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David Pollock

Bernstein Fellow
Director, Project Fikra

Tel: 202-230-9550 (media inquiries only) 202-452-0650 (all other inquiries)
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David Pollock is the Bernstein Fellow at The Washington Institute, focusing on regional political dynamics and related issues.

Areas of Expertise

Iraq, Israel, North Africa, Palestinians, Arab and Islamic Politics, Arab-Israeli Relations, Democracy and Reform, Peace Process

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Biography

David Pollock, the Bernstein fellow at The Washington Institute, focuses on the political dynamics of Middle East countries. He is the director of Project Fikra, a program of research, publication, and network-building designed to generate policy ideas for promoting positive change and countering the spread of extremism in the Middle East. At the forefront of this effort is Fikra Forum, a unique Arabic-English bilingual online platform that promotes exchanges between mainstream Muslims and Arab democrats and U.S. decisionmakers and opinion leaders.

Dr. Pollock served previously as senior advisor for the Broader Middle East at the State Department, a post he assumed in 2002. In that capacity, he provided policy advice on issues of democracy and reform in the region, with a focus on women's rights. He also helped launch the department's $15 million Iraqi Women's Democracy Initiative and the U.S.-Afghan Women's Council, working directly with advocates across the Middle East.

From 1996 to 2001, Dr. Pollock served in several other State Department policy advisory positions covering South Asia and the Middle East, including four years as regional expert on the secretary of state's Policy Planning Staff. Previously, he was chief of Near East/South Asia/Africa research at the U.S. Information Agency, where he supervised the government's study of public opinion, elite attitudes, and media content across the three regions. In 1995-1996, he was a scholar-in-residence at The Washington Institute, where he authored the widely read Policy Paper The 'Arab Street'? Public Opinion in the Arab World.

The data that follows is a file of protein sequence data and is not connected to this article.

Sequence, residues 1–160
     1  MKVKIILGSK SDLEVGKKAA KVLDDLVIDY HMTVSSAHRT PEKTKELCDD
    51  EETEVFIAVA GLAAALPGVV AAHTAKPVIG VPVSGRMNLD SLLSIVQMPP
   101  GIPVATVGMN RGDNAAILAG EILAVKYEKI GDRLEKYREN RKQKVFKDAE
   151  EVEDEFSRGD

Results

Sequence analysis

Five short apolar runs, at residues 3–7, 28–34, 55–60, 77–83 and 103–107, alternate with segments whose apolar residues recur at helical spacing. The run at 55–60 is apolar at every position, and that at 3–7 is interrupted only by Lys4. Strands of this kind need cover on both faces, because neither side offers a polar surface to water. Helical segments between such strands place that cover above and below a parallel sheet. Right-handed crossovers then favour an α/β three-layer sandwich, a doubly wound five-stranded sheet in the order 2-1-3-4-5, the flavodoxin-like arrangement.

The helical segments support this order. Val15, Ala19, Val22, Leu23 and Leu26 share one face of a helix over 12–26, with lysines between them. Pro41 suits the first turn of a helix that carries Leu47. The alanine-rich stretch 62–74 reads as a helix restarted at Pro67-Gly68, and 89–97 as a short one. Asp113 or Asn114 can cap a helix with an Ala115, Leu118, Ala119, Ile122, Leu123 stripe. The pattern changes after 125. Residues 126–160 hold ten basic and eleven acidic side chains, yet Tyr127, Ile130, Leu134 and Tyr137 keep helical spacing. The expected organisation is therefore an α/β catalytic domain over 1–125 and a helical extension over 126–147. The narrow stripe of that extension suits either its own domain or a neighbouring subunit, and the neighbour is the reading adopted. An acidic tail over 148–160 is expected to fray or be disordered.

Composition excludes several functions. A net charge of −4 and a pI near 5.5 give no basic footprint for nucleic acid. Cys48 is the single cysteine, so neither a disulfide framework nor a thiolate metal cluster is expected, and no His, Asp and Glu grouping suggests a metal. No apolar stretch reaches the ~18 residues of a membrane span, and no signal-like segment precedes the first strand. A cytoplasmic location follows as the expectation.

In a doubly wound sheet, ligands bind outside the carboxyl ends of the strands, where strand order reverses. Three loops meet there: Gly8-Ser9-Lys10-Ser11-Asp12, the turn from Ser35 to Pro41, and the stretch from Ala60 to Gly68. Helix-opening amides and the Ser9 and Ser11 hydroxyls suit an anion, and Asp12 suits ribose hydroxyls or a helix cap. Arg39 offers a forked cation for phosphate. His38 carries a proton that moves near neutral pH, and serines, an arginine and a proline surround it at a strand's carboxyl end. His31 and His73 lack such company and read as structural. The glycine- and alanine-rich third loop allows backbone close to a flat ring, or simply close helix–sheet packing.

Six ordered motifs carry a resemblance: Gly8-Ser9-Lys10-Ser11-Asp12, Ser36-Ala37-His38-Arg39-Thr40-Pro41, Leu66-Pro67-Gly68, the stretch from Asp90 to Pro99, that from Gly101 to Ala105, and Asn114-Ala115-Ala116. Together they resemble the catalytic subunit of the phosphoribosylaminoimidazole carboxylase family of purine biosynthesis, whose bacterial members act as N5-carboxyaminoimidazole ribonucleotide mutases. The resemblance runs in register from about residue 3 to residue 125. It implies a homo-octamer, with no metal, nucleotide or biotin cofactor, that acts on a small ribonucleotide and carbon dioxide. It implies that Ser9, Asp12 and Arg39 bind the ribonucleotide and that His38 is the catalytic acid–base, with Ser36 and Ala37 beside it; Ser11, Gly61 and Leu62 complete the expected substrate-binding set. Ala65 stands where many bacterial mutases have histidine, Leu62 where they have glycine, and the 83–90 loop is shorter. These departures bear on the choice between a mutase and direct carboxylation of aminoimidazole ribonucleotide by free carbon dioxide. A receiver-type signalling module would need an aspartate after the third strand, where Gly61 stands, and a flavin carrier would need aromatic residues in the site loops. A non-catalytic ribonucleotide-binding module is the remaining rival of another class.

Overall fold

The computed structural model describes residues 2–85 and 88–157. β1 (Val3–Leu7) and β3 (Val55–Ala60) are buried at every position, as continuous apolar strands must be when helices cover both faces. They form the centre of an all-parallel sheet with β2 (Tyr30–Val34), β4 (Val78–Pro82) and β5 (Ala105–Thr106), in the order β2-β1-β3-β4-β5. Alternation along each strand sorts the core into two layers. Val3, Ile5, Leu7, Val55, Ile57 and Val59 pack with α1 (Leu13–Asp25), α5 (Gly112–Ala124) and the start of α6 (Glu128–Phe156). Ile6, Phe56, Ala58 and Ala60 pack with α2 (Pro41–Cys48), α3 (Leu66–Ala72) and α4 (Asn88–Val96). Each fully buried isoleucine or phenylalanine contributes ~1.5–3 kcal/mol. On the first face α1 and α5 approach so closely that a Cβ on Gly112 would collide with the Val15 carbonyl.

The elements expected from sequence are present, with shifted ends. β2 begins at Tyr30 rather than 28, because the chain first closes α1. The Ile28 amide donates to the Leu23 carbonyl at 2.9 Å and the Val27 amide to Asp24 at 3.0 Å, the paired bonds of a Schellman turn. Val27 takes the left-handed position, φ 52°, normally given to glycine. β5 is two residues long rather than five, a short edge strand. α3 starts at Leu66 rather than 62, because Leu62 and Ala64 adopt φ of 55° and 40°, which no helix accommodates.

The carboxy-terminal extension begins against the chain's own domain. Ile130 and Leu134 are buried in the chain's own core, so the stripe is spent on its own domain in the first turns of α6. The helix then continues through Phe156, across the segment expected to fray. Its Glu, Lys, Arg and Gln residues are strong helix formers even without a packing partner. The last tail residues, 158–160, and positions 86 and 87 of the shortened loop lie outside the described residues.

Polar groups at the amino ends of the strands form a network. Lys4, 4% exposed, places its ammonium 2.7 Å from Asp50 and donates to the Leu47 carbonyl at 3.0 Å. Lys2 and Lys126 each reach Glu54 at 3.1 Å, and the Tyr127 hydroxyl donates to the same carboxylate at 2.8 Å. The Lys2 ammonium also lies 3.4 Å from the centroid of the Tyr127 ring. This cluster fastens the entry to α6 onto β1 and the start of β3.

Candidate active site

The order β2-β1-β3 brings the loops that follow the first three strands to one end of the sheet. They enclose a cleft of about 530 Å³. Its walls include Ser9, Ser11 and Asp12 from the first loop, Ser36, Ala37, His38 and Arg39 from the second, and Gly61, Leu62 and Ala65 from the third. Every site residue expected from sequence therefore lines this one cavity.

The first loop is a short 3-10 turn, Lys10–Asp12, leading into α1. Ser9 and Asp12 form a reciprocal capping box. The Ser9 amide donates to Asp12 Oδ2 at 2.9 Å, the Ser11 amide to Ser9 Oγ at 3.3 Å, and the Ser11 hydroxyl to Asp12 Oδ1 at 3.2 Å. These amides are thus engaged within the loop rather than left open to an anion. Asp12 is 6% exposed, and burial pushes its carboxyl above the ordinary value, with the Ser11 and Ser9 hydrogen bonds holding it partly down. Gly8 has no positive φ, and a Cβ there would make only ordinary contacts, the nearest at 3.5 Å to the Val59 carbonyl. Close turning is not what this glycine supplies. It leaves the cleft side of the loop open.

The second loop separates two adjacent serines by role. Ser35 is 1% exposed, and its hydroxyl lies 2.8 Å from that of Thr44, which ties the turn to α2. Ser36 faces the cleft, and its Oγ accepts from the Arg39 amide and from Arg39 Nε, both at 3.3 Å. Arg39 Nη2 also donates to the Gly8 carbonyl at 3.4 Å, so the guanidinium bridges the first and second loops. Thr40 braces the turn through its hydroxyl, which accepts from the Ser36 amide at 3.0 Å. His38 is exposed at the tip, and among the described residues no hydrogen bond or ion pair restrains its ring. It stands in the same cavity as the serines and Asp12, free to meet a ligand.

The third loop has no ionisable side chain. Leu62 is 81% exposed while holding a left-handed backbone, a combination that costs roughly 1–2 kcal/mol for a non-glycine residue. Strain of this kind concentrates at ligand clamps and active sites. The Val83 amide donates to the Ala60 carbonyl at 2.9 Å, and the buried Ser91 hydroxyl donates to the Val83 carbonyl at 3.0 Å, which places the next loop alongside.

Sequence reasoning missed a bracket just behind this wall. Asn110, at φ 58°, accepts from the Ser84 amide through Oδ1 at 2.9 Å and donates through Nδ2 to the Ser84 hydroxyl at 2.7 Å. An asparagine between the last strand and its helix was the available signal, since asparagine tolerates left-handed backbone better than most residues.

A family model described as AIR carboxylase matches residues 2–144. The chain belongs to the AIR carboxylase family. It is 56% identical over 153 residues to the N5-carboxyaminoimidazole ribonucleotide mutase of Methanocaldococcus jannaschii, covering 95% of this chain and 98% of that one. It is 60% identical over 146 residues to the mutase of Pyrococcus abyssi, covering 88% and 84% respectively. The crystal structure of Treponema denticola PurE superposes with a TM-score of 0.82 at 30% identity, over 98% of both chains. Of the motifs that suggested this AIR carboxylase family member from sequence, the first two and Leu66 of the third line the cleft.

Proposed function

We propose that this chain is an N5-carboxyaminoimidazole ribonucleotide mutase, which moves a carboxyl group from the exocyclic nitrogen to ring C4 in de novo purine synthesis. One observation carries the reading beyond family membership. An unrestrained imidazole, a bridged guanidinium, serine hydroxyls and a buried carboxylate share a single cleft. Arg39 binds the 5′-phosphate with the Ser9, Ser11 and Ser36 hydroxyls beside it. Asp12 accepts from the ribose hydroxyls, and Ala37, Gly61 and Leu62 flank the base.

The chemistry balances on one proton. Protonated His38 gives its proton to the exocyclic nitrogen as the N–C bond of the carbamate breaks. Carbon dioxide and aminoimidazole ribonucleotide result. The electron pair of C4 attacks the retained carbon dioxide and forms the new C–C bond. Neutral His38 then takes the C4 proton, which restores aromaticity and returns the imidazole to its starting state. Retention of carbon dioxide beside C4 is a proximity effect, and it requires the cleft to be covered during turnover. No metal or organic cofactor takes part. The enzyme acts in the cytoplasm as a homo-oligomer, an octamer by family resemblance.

Dr. Pollock has served as a visiting lecturer at Harvard University and as assistant professor at George Washington University. He has traveled widely in the Middle East and maintains a large network of contacts in government, academia, and business throughout the region.

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Education

Ph.D., Harvard University; B.A., Harvard College

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Languages Spoken / Read

  • Arabic
  • French
  • Hebrew

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Publications

The Lines That Bind: 100 Years of Sykes-Picot

December 19, 2016

Policy Focus

Syrian Kurds as a U.S. Ally:

November 18, 2016

Policy Focus

Mixed Messages:

April 20, 2016

Policy Focus

Actions, Not Just Attitudes:

June 17, 2010

Policy Focus

Slippery Polls:

April 11, 2008

Policy Focus

Kuwait: Keystone of U.S. Gulf Policy

November 6, 2007

Policy Focus

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Most Recent Analysis

New Data on Iraqi Political Trends:

Parsing the Regional Implications

November 8, 2018

New Polls: West Bankers Oppose Both Armed Revolt and U.S. Talks

November 8, 2018

New Polls Show Most Gazans Want Israeli Jobs, Not Hamas Mobs

October 29, 2018

How Is the Saudi Public Likely Responding to the Crisis over Khashoggi’s Disappearance? The Popularity of Riyadh’s “Reformist Repression”

October 16, 2018

New Saudi Views of Jews—and of Israel

September 12, 2018

Seeing Saudi Changes Up Close: A Week's Worth of Surprises

August 13, 2018

If a Trump-Iran Summit Happens, Ayatollah So

June 18, 2018

Iran, Israel, Syria, and the U.S.: Views From China

June 6, 2018

Arab Media on Bolton, Pompeo, North Korea

March 23, 2018

How to Stop the War Between Turkey and the Syrian Kurds

January 25, 2018

See all analysis by this author